2020 was supposed to be a year when North Macedonia finally gets its well-deserved reward on EU accession path and starts the membership talks. It was supposed to be a simple and quick decision of the EU member states, after years of going back and forth. Yet, the populist ghosts came to haunt us once again. This time around in the form of a destructive decision by the Bulgarian government to block North Macedonia’s accession talks.
It did not have to go this way. Bulgaria could have also had its moment of glory by supporting North Macedonia, as it has co-hosted this year Berlin process. It could have decided to use to its gain the prospect of the political and economic predictability and development of its closest neighbor. Instead, by taking the role of a regional veto player, Bulgaria is disregarding the European values it should respect as a member state and is increasingly wasting the political capital it has in the EU.
By blocking North Macedonia’s EU accession, Bulgaria is foremost undermining its self-proclaimed contribution to EU foreign policy: consistent and persistent advocacy for the EU membership of the Western Balkans. Not only it forces the entire EU to follow its anti-European decision disrespecting its European partners and allies and their right of self-determination, irritatingly, but the unjustified vetoing of North Macedonia also comes from a country that many believe joined the EU thanks to much solidarity and support by other EU members.
Bulgaria has never earlier threatened to veto North Macedonia. Moreover, by signing the friendship agreement in 2017, the relations between the two countries had an upward trend. The unpredictable flip, which transformed Bulgaria from a strong champion of enlargement to its potential grave-digger, is an attack on the very foundations of the EU most visibly framed with a motto: united in diversity.
Following a long and difficult debate among EU member states; as a result of the most recent impetus to the enlargement policy by France, the accession process seemed to be clear once endorsed by the Council earlier this year. The new accession methodology was intended to make the process more political and just by including the member states more profoundly in the accession process, not to be used as a venue for further politicisation.
This irrational quest will undermine the EU success to consider its broader interests in the region and revitalize the EU accession process with the countries of the Western Balkans.
Furthermore, by exaggerating national narratives, Bulgaria risks undermining the image of the EU as a predictable and trust-worthy foreign policy actor. With rising criticism towards the EU’s lack of engagement and joint foreign policy in its Eastern Neighborhood, from Belarus to the Caucasus, Bulgaria is set to undermine the EU’s engagement in the Western Balkans as well.
Besides the efforts by the German Presidency to facilitate an agreement, public reactions from other EU member states are painfully lacking. For an observer, this deafening silence seems as if the Union stands in solidarity with Bulgaria: ruthlessly destroying the EU prospects of the country and consequently, the entire Western Balkan region. If it stays that way, it will permanently damage the EU enlargement policy and will indefinitely postpone the full unification of Europe.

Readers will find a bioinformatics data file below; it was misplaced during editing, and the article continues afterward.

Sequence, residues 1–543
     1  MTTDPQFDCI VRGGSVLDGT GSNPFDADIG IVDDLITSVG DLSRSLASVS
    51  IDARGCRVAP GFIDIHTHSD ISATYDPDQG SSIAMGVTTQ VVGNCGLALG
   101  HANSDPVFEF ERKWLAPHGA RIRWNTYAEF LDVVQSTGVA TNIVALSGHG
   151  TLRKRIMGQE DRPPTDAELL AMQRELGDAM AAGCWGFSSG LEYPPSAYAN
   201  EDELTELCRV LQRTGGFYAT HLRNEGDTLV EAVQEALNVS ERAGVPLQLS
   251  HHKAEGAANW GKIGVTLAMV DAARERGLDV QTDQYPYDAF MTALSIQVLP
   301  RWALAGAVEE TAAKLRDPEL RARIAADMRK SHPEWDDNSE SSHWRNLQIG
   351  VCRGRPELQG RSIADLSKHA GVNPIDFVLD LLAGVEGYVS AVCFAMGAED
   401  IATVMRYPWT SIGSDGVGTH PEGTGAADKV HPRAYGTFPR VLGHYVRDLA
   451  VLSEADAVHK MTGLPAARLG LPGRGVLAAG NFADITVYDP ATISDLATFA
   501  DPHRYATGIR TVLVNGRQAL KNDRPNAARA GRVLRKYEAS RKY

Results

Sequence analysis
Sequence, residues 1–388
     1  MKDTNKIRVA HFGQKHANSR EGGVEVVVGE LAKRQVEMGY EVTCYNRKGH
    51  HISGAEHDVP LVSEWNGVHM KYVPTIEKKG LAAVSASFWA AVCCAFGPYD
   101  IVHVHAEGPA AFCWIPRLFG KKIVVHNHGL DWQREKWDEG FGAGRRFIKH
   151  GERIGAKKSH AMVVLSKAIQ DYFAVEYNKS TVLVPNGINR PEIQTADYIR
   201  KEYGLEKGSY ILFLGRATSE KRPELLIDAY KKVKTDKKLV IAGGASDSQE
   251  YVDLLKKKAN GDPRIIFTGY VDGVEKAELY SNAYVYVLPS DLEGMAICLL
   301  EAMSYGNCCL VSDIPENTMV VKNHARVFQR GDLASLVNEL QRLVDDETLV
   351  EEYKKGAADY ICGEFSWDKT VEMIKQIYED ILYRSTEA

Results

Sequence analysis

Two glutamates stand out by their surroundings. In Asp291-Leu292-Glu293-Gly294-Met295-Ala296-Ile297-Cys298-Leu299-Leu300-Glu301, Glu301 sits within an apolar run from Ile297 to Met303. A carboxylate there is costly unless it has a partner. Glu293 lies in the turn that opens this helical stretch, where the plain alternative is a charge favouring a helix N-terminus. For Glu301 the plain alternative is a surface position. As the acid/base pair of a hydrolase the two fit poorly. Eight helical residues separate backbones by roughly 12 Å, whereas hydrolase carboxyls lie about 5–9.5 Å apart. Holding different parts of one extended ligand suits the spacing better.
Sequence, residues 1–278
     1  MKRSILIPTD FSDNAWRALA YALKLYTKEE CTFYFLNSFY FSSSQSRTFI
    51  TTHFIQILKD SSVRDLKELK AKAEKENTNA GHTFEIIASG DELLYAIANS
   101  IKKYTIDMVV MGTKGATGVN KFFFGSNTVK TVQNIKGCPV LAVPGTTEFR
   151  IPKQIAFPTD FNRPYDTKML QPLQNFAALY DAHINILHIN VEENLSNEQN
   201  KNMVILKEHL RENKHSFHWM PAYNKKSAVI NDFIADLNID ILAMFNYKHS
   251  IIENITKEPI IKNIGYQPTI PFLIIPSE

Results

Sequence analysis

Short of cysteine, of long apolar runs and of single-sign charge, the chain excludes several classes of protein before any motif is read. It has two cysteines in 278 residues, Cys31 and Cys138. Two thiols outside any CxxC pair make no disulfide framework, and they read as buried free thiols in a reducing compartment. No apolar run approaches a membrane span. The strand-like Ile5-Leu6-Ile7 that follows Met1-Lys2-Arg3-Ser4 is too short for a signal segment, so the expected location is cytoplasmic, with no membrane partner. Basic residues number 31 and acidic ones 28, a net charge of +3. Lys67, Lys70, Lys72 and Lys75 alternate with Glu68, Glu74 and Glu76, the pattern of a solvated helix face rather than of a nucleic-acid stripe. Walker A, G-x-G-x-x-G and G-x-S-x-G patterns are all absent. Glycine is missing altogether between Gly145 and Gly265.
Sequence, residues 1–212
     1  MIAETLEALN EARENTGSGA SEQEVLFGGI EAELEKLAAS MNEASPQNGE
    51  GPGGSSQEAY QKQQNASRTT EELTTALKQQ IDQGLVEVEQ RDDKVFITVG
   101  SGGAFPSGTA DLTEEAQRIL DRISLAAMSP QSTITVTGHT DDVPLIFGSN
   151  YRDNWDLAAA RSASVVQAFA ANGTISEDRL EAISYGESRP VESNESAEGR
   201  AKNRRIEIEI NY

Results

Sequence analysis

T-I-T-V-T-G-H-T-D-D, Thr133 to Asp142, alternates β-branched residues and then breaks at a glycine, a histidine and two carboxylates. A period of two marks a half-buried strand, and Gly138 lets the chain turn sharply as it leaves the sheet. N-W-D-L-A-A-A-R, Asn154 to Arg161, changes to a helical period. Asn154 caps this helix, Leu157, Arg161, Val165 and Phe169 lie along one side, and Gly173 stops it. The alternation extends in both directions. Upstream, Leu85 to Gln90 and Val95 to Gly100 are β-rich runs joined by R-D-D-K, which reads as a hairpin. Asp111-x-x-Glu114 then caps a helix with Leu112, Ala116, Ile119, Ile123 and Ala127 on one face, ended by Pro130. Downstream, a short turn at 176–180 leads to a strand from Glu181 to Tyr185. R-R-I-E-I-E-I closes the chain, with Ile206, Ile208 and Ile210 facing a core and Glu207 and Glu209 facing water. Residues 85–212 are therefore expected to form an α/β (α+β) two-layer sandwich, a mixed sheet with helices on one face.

Not standing to EU’s values and standards in the accession process leads towards nurturing future EU members that will act in this manner once they become part of the EU widening the gap between the conditionalities and the way they are (mis)used. The kind of solidarity Bulgaria requested from its European peers today, is bound to create side effects in other policy areas, making it difficult for the EU to find common grounds. The current negotiations concerning the EU budget are a case in point. Because of the rule of law mechanisms, Poland and Hungary are opposing the Recovery fund in its current form. Again, the national interests that go against EU values have more weight than the European interests.
This is bad news for North Macedonia’s internal reforms as well. Rule of law and other very important reforms, implemented under the banner of the EU alignment with the acquis, might be stalled because of unprecedented ill-founded “open” issues. The majority of the population who wants North Macedonia to reform itself for our own sake could, as it happened in the years following 2009, be sidelined and made irrelevant.
By hampering North Macedonia’s European dreams and taking advantage of being an EU member state, Bulgaria effectively renders the entire Enlargement process subservient to its national interest. The institutional design and the need for unanimous decision-making are easily abused and will continue to be so if it remains unchanged. The on-going case of North Macedonia shows how easily and unfoundedly EU interests can be jeopardized by a single member state. For this reason, expanding on the European Commission’s proposal from 2018, the only way forward is to introduce qualified majority voting to all intermediary stages of the EU negotiation process. A qualified majority vote by the Council — 55 percent of member states representing at least 65 percent of the EU population —to validate the progress or backsliding of a candidate country would make the process fairer and more effective. If adopted, it would place the Council in a better position to reward but also to sanction.
At this point, the EU member states cannot become advocates or inadvertent promoters of historical revisionism and a nationalist agenda, including the denial of the Macedonian nation and language. Instead, EU member states should focus their energy in defending core European values and interests, pressure Bulgaria to agree with opening of accession negotiation with North Macedonia and to facilitate a dialogue between the two countries on issues where compromise can be made.